By the Jerusalem Post: Former soldier gives military investigators an account of the attack that led to his capture and the deaths of two of his comrades.
In conversations with a psychologist after his return to Israel from five years in captivity, Gilad Schalit expressed fears over the IDF investigation he would undergo. Schalit knew exactly what he was worried about – he knew all too well the circumstances that led to his captivity. He knew that there was no military glory in what had happened there, on that night. He knew that he did not do his duty as an IDF combat soldier and did not even do the minimum to prevent his own capture.
Schalit knew that he had effectively given himself up on June 25, 2006, been taken captive without firing even one bullet, despite the fact that he could have prevented the entire situation with relative ease. He was very concerned indeed over his meeting with the military investigators.
But in contrast to other cases of soldiers being taken prisoner or abducted, the IDF was handling Schalit with kid gloves.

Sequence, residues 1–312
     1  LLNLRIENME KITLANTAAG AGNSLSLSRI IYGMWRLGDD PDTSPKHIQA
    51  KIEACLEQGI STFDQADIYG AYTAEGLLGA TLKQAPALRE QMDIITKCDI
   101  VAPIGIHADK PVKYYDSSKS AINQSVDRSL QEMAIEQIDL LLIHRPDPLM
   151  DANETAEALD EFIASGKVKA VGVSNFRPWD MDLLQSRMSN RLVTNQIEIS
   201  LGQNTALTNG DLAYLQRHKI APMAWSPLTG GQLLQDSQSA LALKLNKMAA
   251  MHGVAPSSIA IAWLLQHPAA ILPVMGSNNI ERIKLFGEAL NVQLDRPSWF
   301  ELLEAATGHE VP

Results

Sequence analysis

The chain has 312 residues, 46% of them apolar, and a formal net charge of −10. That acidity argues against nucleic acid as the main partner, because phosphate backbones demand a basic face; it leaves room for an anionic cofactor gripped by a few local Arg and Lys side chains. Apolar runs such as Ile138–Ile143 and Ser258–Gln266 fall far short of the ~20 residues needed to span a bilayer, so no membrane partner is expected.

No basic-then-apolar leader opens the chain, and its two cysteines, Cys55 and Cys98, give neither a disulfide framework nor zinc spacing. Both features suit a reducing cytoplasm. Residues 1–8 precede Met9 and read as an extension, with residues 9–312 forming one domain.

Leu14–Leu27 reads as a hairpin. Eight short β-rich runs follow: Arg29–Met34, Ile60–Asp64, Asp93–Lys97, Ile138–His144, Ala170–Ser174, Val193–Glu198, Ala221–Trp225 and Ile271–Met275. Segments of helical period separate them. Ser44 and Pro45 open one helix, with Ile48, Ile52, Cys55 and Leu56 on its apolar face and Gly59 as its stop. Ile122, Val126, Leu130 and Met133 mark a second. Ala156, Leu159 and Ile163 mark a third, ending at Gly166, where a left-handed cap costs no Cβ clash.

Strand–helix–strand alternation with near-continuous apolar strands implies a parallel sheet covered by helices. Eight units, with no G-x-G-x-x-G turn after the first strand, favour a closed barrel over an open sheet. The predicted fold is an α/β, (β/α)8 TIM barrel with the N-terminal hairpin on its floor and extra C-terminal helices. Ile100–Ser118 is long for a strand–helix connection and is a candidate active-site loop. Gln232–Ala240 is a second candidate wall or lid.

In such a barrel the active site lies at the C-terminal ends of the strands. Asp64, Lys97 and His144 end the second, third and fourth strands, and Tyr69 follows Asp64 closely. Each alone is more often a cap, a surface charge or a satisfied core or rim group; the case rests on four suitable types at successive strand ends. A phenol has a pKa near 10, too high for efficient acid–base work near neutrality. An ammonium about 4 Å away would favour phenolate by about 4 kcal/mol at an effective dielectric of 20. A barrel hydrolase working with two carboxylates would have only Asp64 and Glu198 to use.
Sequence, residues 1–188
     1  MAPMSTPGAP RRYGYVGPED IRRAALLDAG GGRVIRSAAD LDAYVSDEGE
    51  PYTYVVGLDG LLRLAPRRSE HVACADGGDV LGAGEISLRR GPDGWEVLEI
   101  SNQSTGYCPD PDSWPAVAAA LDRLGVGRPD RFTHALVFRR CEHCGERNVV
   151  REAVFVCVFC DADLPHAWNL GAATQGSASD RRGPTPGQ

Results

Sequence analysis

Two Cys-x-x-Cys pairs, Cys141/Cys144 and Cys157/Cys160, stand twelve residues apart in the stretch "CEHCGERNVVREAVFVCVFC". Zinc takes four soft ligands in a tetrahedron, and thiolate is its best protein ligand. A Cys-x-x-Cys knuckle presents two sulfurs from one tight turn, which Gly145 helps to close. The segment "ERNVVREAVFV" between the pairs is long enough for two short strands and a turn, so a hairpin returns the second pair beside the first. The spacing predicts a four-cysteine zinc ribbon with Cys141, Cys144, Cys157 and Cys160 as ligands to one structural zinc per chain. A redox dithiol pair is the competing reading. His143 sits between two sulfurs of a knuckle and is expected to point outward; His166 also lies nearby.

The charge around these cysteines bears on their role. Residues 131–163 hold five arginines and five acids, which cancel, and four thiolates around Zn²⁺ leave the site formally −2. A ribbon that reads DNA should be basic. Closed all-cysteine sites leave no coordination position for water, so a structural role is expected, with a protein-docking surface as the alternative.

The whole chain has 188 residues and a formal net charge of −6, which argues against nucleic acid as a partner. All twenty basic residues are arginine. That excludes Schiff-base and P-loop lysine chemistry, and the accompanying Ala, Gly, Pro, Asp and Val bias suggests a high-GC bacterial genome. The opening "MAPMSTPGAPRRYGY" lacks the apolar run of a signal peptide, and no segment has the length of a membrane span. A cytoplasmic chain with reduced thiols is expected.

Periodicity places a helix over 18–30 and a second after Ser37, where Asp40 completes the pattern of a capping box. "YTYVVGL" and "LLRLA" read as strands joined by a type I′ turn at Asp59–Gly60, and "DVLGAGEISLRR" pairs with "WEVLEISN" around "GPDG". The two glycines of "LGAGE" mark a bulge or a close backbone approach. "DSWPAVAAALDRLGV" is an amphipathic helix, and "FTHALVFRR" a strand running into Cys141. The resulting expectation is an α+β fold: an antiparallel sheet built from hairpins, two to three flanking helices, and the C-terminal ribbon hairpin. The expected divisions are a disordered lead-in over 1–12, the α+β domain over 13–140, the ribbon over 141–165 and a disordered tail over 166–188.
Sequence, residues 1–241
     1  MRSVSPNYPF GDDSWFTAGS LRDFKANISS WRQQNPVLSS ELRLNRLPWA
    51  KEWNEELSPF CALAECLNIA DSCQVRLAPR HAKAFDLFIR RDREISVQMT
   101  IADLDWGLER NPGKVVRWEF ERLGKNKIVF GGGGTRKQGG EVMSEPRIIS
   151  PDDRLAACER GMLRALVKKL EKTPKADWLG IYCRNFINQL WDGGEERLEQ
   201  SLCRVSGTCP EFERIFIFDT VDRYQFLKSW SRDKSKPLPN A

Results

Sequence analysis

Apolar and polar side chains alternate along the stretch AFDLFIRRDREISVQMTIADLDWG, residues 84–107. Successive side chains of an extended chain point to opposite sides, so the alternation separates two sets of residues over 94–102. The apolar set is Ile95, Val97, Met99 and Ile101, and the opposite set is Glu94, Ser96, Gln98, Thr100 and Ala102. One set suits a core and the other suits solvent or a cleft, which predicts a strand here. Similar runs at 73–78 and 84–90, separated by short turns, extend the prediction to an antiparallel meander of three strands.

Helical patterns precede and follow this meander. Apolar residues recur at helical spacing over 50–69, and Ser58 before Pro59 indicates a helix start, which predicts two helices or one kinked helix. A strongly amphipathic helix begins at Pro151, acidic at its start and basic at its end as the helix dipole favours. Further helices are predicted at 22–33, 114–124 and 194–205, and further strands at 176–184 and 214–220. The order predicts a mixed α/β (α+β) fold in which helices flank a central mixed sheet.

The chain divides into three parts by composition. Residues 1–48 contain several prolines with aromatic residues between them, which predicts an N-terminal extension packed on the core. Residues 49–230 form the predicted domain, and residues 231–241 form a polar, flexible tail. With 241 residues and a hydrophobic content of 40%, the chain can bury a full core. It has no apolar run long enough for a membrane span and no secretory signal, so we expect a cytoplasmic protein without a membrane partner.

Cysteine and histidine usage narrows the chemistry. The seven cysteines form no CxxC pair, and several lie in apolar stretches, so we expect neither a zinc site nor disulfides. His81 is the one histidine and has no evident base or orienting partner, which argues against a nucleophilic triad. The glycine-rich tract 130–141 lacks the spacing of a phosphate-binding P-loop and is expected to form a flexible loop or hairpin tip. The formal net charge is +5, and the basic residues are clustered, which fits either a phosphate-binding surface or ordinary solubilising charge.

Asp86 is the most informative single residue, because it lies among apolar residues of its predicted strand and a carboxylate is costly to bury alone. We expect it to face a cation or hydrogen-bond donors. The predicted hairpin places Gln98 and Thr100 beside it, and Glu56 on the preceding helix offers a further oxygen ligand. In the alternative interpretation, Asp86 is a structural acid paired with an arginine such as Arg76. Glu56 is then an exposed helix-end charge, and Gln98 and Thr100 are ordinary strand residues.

The soldier had become “the child of us all,” whose years of absence were etched on the national consciousness – and it was a sentiment that had infected the IDF as well.
…Three more attacked an empty IDF armored personnel carrier some distance away, and the other two hit the tank. If the tank crew had remained inside the tank, it would have been easy to take out their attackers.
Even Schalit, alone as he was, should have been able to manage it. At this point Schalit was sitting in the gunner’s seat, praying for it to just be over. Then one of militants approached and threw two or three grenades into the turret. Schalit doesn’t recall the explosion of the grenades, but he does remember the smoke very well.
His bullet-proof vest and his flak jacket, hanging on the back of the chair, absorbed most of the impact. The chair was completely shredded.
Schalit, miraculously, was lightly wounded with shrapnel in his elbow and rear. He was scared, shocked. He stayed in the tank for a minute or two until the smoke spread throughout the turret and he found it hard to breathe. Then he decided, finally, to leave. He left unarmed. His gun, a deadly M-16, he left on the floor of the turret. In military terms, this is called abandoning your weapon.
If only Schalit had taken his gun with him when he left the tank; if only he had seen the militant approach the tank and start to climb up it. He could have taken him out easily, but he was not in battle mode. This is what Schalit himself told the investigators. Schalit’s tank did not fire a single bullet.